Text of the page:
15: May 17, 2003, Camp 2. Elevation 21,210 feet: The
rush up the mountain has begun! Over the last few
days, the overwhelming top topic of conversation has
been the weather and when the mountaintop winds will
abate. Many expeditions have their own forecasting
service or have access to one. The predictions are all
over the map, but most of them say that over the next
few days, conditions should be more favorable.
Everybody feels that it's now or never. So, this
morning I joined the summit rush. I'm very excited but
also anxious about having so many perhaps over eager
climbers on the upper mountain at once.
Although I made an early start, there were long lines
at the crevasse crossing bridges in the Khumbu
Icefall. I felt strong, but the only reliable way of
gauging my fitness level was to compare my climbing
pace to other climbers. I tried to maintain a
comfortable easy pace without rushing. In other words,
I tried hard not to be competitive so that I could get
a fair assessment of my condition. I passed about 20
or 30 other climbers and got from Base Camp to Camp 2
in about five hours, even with the delays at the
ladder bridges. So I'm very encouraged.
A number of climbers have abandoned the summit effort
over the last couple of weeks for various reasons.
Still, by this afternoon, there were close to 400
climbers and Sherpas here at Camp 2. Mind boggling.
I'm determined to make a serious summit bid this trip
up. I'm going to be sensible. The mountain is bigger
and stronger than any man. If she doesn't smile on my
attempt, then I won't succeed. Nevertheless, I am
determined to not descend back to Base Camp without
giving the summit bid everything I have.
I eating as much food and drinking as much water as my
body can absorb.
Tomorrow, Camp 3.
May 18, 2003, Camp 3. Elevation 24,500 feet.
Today dawned bright and clear, but a look up at the
summit revealed a huge plume of snow coming off the
top in the high wind. Looked like about at least 80
mph. Nevertheless, I headed out across the Western Cwm
toward the Lhotse Face. At the base of the Lhotse
Face, the wind was strong, varying between what I
estimate as 30 to 50 mph. There was snow being blown
across the ice, sometimes hiding it and sometimes
It was a long hard climb, but now I'm here, hunkered
down in my tent. Whenever I got out to chop ice to
melt for water, the wind almost blows me over.
Tomorrow, I'm planning to head up to the South Col
(Camp 4). It's over 26,000 feet in what climbers
generally refer to as the Death Zone. Doctors say that
the human body can only stand to be up that high for
about 48 hours before extreme altitude sickness
symptoms like HACE set in. And
it's not just the lack of oxygen but the lowered
atmospheric pressure that will literally kill you if
you stay too long. Since I'm climbing without oxygen,
I have to be very careful to monitor my condition. Of
course, one of the side effects of extreme altitude
sickness is a loss of judgment or reasoning power. So
I have to be dispassionate and judge how bad my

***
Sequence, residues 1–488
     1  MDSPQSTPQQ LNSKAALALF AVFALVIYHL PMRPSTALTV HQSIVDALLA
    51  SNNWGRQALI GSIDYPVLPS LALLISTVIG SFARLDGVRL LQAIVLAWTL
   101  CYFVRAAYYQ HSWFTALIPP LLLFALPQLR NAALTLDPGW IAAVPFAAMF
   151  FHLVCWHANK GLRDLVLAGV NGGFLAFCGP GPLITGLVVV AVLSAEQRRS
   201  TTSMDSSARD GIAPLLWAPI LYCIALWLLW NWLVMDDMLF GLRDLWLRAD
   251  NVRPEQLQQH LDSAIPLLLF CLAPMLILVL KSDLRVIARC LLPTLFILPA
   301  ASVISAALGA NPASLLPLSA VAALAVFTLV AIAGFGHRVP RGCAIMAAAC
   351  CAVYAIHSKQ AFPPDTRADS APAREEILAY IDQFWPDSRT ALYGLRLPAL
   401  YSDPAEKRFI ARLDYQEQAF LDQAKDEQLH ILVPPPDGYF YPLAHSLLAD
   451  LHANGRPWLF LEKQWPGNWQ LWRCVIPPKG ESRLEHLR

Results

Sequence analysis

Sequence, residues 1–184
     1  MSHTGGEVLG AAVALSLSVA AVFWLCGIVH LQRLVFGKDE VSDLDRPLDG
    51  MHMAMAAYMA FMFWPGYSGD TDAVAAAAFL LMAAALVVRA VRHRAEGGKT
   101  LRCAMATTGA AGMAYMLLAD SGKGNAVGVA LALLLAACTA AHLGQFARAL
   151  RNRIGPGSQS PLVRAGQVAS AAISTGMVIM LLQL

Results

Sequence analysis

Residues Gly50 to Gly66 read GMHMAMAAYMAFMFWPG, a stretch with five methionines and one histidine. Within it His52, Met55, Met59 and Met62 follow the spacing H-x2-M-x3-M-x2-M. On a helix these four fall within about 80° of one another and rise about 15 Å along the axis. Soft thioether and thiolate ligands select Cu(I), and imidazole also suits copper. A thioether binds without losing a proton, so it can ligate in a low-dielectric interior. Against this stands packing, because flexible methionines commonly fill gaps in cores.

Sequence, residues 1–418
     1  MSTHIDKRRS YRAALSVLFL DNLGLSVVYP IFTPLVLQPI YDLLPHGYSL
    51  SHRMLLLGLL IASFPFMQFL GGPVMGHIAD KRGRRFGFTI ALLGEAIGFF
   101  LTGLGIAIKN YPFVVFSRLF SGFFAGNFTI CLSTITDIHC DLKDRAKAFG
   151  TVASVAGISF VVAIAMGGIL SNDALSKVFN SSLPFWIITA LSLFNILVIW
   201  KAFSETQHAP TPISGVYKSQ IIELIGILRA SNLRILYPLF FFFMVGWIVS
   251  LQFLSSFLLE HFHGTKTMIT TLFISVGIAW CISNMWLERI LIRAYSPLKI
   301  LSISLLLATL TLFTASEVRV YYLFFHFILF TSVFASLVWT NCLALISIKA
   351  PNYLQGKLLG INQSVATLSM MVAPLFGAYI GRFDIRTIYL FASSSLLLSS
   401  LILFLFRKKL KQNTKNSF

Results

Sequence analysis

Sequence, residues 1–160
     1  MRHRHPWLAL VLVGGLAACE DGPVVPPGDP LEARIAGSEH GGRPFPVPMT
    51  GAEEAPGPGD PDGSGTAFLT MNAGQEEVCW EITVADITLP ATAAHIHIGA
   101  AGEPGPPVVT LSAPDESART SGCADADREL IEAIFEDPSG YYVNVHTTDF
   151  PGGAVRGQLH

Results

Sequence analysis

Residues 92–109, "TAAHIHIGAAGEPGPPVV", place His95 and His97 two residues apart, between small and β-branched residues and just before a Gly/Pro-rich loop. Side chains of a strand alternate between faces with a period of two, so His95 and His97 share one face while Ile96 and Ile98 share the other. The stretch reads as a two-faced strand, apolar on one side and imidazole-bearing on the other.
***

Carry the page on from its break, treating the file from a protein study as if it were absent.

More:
condition is getting before it gets too bad for me to
do something about it (which, of course, is going down
the mountain to denser air).
So I'm really gambling that I'll be able to get to the
South Col, have the summit winds die down immediately,
spend a half night trying to rest, and then heading
straight for the summit the next morning. Otherwise,
I'll have to come down to Camp 3 or maybe to Camp 2 to
rest. I'm definitely feeling the altitude here, but
I'm raring to go higher. Pray for me.
In the meantime, I'm continuing to stuff down as much
food and water as I can.
May 19, 2003, Camp 3. Elevation 24,500 feet.
Well, I'm still at Camp 3. The winds have died down
here, but there is still a plume coming off Everest's
summit. It was tough for me to stay put, but I have to
keep my head in charge and not my gut. I can feel my
body deteriorating in this altitude, so it is a gamble
staying here that I'll get too weak to make it to the
summit. However, I have no choice. I'm comforted by
the knowledge that during my acclimatization climbs, I
spent two nights up here with no detrimental effects.
I can periodically feel my toes tingling in areas
where I've gotten frostbite on previous expeditions.
Another effect of altitude is that circulation in the
extremities decreases as the body concentrates
oxygen-rich blood in the body's core to preserve
organs and to keep warm. I've paid as much attention
to wearing light weight/high insulating clothes as I
have to my conditioning. But it's still difficult to
stay warm all over.
I'm in a small one-man tent so that my body and stove
have to heat as little air as possible. But it's
definitely cozy. In here with me is all my gear,
water, stove, and fuel.
I try to exert as little physical effort as possible
to conserve energy and warmth. High altitude climbers
get very philosophical waiting around in tents with no
one to talk to. I periodically pull the cover back
from my tent-top clear plastic window to watch the
clouds go by, inventing fantasy shapes. I also watch
other climbers coming up the Lhotse Face to the camp
here. They all look the same from a distance. A few
slow climbing steps and a pause to rest with heaving
chests trying to draw in the thin air.
I know that higher up it will be much worse. There may
be many climbers moving in a train, but we'll all be
in our own private hells battling the pain determined
to push higher, drawing on our mental reserves to keep
slowly going ever higher.
I'm hoping to climb up to the South Col tomorrow